IRS Promises Power Outage Won't Delay Refunds

February 10, 2016

By Susan J. Campbell - Power Protection Contributing Editor

Could there be better news when it comes to a power outage than the IRS unable to process federal tax returns? There may be many working on the outside trying to restore power, but this is one area where we may not want to suggest power protection. The idea that you can put off the inevitable just one more day when resources are limited sounds like an extra holiday – if you’re one who owes money.

A simple power outage was blamed when the agency stopped work on 2015 federal tax return processing. According to a Tampa Bay news report, a suspected hardware failure knocked out service to some of the agency’s computers. Unfortunately for all taxpayers affected, processing was able to resume around 5 p.m. Feb. 4 after IRS teams worked on the problem.

All kidding aside, power protection is an important investment for any organization that needs to stay on track and online – especially during its busiest time of year. The “Where’s My Refund” function on the IRS.gov website was also affected, but was quickly restored. The agency then focused on notifying taxpayers and preparation firms that had e-filed their 2015 returns just before or during the outage that no additional action was needed.

This is important news for those taxpayers awaiting a refund. The agency claims that nine out of 10 of those who are due money back tend to receive the expected refund within 21 days. IRS Commissioner John Koskinen shared, "Taxpayers should see little, if any, impact on their tax returns or refunds. We apologize for the inconvenience this caused, and we appreciate the support and patience from taxpayers as well as our partners in the tax community and state revenue departments."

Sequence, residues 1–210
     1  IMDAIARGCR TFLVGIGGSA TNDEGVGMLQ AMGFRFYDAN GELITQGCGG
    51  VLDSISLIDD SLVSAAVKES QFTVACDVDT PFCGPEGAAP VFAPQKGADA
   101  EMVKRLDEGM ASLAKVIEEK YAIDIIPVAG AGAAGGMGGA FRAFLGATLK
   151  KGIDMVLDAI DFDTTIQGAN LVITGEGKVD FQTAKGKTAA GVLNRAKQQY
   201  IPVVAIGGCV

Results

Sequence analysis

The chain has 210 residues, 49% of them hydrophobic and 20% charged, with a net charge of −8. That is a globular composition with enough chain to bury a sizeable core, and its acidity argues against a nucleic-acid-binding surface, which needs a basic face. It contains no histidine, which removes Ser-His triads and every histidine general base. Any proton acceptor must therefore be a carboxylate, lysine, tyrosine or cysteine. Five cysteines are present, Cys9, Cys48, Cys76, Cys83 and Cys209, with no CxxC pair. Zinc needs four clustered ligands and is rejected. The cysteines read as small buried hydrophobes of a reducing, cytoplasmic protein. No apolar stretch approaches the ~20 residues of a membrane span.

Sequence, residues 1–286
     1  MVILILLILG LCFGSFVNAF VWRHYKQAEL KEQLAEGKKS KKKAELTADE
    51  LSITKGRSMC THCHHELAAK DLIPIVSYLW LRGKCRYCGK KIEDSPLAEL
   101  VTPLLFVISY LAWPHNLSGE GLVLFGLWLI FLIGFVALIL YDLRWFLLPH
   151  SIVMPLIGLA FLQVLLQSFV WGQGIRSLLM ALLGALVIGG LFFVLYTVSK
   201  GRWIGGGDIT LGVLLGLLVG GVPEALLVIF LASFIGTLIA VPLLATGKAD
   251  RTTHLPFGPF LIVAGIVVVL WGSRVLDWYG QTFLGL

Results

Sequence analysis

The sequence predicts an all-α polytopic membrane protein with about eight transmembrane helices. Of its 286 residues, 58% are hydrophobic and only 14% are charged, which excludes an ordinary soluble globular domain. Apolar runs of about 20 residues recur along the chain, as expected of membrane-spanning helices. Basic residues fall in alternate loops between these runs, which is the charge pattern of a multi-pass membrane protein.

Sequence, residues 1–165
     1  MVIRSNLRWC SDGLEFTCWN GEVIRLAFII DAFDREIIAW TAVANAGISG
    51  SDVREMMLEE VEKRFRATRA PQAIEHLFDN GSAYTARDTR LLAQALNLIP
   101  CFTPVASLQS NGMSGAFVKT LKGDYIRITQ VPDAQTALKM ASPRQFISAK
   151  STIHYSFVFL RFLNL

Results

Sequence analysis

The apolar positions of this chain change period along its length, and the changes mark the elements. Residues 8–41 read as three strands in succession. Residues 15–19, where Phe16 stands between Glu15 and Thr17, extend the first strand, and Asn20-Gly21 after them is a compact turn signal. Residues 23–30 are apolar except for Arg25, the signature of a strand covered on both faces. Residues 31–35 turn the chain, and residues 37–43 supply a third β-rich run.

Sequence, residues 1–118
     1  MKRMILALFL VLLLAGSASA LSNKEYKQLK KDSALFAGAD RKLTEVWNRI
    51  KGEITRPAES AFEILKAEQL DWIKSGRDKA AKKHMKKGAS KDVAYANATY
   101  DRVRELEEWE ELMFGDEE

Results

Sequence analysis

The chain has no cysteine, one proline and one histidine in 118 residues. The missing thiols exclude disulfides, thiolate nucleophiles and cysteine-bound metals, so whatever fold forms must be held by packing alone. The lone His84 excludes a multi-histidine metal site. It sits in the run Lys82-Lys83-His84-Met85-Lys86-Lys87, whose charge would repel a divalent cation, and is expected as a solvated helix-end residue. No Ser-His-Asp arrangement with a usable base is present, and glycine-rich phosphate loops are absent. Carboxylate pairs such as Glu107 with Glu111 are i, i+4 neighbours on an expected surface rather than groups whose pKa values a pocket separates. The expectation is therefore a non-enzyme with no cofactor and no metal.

Of course, those who are seeking more details from the IRS have found themselves with just more questions. The agency is not offering any additional information as to the power outage or any power protection they have put in place to protect systems in the future. Some have even suggested the outage was not an equipment malfunction, but instead an attack by hackers. The agency has yet to respond to questions regarding the potential.

Even while silent on this issue, the agency has been the victim of cyberattacks as recent as last year when $39 million was stolen in fraudulent tax refunds. Of course this is more of an issue of faulty systems where fraudulent returns are too easy to file as opposed to faulty power protection.

Either way, it’s time for the IRS to take robust steps in protection all the way around. Taxpayers don’t want to wait for a refund or spend the time trying to prove their identity when a fraudulent return has already been processed. Minuteman can help with the power protection, but the other issues will need even more focused attention.